22 September 2003, Volume 6, Number 38
IRAN'S AL-QAEDA PROBLEM WON'T GO AWAY. Assistant Secretary of State for Verification and Compliance Paula DeSutter told a 17 September hearing of a joint U.S.-Israeli legislative panel that the United States believes Al Qaeda leaders have been given safe haven in Iran, according to a Bloomberg News dispatch cited by the "Salt Lake Tribune." "We believe that some elements within the Iranian regime have helped Al-Qaeda terrorists transit or find safe haven inside Iran," DeSutter said.
Tehran has been less than forthcoming on this issue, beyond its eventual admission after frequent denials that some Al-Qaeda members are in Iran. It has since claimed to have imprisoned some of them and extradited others, while simultaneously hinting that it would like to trade Al-Qaeda members for Mujahedin Khalq Organization terrorists.
This issue concerns not only the United States but Iran's more immediate neighbors as well.
In Jordan, the General Intelligence Department (GID) identified a 15-member terrorist group affiliated with Al-Qaeda and Ansar al-Islam that included 13 Jordanians living in Iran, Amman's "Al-Ray" newspaper reported on 13 September. According to the GID, this group did its planning in Kabul, Tehran, Iraqi Kurdistan, and Norway (where Ansar al-Islam's Mullah Krekar lives). Abu-Musab Zarqawi, whose extradition from Iran Amman reportedly is seeking, provided the funding for this network.
Colonel Fawwaz al-Baqur, chief of the Jordanian State Security Court, has given the defendants 10 days to turn themselves in to be tried for conspiring to conduct terrorism, "Al-Ray" reported on 16 September. Public security personnel have been ordered to arrest these individuals.
Jordan's King Abdullah refused to say if he discussed the Al-Qaeda issue with Iranian officials during his early September trip to Tehran, in an interview that appeared in "The Washington Post" on 18 September.
Saudi Foreign Minister Prince Saud al-Faysal bin Abd al-Aziz al-Saud met with his Iranian counterpart, Kamal Kharrazi, during the latter's visit to Saudi Arabia on 16-17 September. The foreign ministers discussed the possibility of extraditing Saudi Al-Qaeda suspects from Tehran to Riyadh, London's "Al-Hayah" reported on 17 September. Kharrazi, on the other hand, said on his return to Tehran's Mehrabad Airport that Iraq, Palestine, the Persian Gulf, bilateral trade, and the upcoming Organization of the Islamic Conference meeting were among the issues he discussed with his hosts, the Islamic Republic News Agency (IRNA) reported. Kharrazi also conveyed a letter from President Mohammad Khatami to Deputy Premier and National Guard Commander Crown Prince Abdallah bin Abd al-Aziz Al-Saud, the SPA news agency reported on 16 September.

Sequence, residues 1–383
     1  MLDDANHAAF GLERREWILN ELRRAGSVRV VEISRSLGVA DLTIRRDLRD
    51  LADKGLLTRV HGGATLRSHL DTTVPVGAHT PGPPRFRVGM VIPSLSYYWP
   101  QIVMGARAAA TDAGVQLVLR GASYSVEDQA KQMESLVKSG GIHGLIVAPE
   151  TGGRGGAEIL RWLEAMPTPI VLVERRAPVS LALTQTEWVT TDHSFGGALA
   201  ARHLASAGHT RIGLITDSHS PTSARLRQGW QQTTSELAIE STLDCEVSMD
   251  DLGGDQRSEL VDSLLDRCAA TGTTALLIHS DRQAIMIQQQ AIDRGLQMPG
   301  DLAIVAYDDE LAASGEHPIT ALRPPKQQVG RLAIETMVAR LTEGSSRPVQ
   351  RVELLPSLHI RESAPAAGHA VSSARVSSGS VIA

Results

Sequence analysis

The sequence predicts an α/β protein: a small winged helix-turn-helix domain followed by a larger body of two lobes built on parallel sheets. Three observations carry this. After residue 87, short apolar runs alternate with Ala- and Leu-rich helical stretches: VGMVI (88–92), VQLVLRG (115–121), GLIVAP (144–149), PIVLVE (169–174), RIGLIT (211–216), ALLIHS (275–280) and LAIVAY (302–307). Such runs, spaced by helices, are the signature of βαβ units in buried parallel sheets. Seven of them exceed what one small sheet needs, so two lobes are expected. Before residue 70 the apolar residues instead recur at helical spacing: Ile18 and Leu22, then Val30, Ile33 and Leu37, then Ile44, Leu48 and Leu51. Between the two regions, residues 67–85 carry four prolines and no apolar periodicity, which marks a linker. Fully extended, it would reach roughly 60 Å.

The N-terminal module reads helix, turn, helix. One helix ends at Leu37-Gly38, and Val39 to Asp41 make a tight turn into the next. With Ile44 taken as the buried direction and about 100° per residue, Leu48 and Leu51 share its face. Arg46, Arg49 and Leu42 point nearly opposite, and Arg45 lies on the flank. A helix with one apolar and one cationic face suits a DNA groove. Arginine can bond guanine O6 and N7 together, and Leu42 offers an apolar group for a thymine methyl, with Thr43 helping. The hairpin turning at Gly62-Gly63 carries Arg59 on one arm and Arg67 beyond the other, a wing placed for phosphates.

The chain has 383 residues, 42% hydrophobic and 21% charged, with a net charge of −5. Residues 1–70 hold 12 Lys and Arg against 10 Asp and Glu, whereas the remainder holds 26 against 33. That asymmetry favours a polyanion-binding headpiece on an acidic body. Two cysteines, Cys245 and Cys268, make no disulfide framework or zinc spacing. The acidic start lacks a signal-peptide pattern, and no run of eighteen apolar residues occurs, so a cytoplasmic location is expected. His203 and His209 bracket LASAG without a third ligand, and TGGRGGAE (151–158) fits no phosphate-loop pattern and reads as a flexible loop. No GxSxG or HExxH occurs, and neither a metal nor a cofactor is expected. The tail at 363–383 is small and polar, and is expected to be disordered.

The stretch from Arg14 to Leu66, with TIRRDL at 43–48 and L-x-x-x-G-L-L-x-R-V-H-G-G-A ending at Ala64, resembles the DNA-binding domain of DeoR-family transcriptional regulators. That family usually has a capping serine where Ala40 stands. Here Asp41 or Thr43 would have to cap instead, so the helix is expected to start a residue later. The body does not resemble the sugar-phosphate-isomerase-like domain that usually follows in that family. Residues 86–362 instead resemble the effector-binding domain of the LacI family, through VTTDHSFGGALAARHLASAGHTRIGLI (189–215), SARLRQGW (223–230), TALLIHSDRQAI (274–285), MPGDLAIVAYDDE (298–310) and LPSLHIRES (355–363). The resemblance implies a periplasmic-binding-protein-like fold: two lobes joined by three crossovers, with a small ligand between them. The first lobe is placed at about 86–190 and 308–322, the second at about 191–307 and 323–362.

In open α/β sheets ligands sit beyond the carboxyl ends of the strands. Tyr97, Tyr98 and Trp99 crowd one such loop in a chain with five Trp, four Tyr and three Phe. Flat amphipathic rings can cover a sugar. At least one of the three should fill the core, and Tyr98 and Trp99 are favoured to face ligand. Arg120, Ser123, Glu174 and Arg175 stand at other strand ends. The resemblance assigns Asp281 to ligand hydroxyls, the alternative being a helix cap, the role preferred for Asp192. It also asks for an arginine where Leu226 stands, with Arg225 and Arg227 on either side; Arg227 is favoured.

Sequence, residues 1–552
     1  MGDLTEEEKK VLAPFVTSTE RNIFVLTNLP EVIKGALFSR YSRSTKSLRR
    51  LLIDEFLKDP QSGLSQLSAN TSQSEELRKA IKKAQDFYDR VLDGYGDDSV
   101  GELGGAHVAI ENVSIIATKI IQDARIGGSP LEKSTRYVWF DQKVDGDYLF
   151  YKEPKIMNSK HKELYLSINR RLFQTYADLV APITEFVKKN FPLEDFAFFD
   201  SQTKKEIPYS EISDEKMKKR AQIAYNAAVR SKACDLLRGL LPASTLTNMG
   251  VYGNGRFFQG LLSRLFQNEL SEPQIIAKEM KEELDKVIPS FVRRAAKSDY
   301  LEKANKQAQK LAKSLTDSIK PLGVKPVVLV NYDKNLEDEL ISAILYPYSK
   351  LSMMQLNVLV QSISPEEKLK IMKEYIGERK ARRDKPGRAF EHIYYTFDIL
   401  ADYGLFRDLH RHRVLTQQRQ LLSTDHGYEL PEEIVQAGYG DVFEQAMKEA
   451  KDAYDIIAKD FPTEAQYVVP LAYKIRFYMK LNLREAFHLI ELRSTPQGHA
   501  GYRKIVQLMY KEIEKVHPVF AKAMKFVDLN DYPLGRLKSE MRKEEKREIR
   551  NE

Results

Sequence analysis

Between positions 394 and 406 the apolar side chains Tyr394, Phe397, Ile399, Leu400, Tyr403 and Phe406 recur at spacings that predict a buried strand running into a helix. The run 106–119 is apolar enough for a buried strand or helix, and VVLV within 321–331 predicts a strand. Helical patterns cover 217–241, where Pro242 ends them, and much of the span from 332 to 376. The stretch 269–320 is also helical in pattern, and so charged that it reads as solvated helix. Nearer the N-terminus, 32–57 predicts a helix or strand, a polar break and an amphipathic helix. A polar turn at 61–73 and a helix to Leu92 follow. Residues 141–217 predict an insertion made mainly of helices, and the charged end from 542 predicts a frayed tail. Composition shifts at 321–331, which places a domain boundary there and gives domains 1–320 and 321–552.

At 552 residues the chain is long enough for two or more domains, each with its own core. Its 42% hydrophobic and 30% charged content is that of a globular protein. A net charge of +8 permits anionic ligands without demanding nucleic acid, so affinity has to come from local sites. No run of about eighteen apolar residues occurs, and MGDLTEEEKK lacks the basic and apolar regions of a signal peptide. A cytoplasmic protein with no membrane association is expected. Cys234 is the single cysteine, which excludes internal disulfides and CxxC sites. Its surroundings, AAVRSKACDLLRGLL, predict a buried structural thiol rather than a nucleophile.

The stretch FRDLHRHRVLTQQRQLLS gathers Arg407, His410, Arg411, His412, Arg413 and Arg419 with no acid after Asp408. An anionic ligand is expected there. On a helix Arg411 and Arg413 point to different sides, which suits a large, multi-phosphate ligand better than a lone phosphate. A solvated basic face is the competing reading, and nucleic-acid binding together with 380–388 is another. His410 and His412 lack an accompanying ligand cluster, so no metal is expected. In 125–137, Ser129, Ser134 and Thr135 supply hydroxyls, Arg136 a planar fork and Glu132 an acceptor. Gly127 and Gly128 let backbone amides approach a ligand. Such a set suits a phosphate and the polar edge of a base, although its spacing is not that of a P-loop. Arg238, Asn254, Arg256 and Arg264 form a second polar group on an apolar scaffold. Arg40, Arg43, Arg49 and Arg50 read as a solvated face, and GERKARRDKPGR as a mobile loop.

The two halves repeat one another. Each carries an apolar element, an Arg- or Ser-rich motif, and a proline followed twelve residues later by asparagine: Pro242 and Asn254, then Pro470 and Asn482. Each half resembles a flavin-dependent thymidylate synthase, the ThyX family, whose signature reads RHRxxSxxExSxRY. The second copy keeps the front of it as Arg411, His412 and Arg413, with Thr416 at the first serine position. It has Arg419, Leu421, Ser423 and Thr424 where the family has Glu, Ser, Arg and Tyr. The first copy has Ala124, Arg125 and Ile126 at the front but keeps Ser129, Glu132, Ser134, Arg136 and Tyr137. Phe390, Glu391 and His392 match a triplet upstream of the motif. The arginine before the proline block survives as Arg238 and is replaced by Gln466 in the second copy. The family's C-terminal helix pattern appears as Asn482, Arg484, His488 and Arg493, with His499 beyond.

Iran extradited a number of Al-Qaeda associates to Saudi Arabia in 2002, but more recently Saudi sources said that these were nearly all women and children with no terrorist ties (see "RFE/RL Iran Report," 15 September 2003). This absence of serious cooperation has displeased and frustrated Riyadh.
The Saudi ambassador to the United States, Prince Bandar bin Sultan bin Abd al-Aziz, said in an interview that appeared in the 20 September "San Francisco Chronicle" that his government suspects that there could be up to 400 Al-Qaeda members in Iran, but the hardliners in the government do not want to extradite them. "But those people [Al-Qaeda] are there [in Iran], and somebody must be helping them. The question is who? And this is the problem with Iran. The people who we can deal with can't deliver, they can't lead eight ducks across the street." Prince Bandar went on, "And the guys who can deliver, they're not interested." (Bill Samii)
SUPREME LEADER LAUDS ENRICHMENT OF NUCLEAR MATERIAL. Supreme Leader Ayatollah Ali Khamenei said in a 17 September speech to young Iranians in Tehran that the effort of Iran's enemies to discourage and falsely depict the aspirations of Iranian youth will fail, state radio and state television reported. Khamenei said that Iran is rich in terms of natural and human resources, and that the spirit of self-sufficiency that was evident during the 1980-1988 Iran-Iraq War continues to be strong.
Most of the people working in the scientific field, according to Khamenei, were active during the wartime era and they continue to work with the same spirit and motives. "Today, one example of their amazing work is the enrichment of nuclear material. This is the most secret component of world knowledge and technology. The world powers have exclusively claimed this to be theirs, yet our young people, relying on their talent, knowledge, and skills, have achieved this great task." Khamenei said that the international outcry over Iran's nuclear pursuits is a "reaction against your talents, abilities, and achievements." (Bill Samii)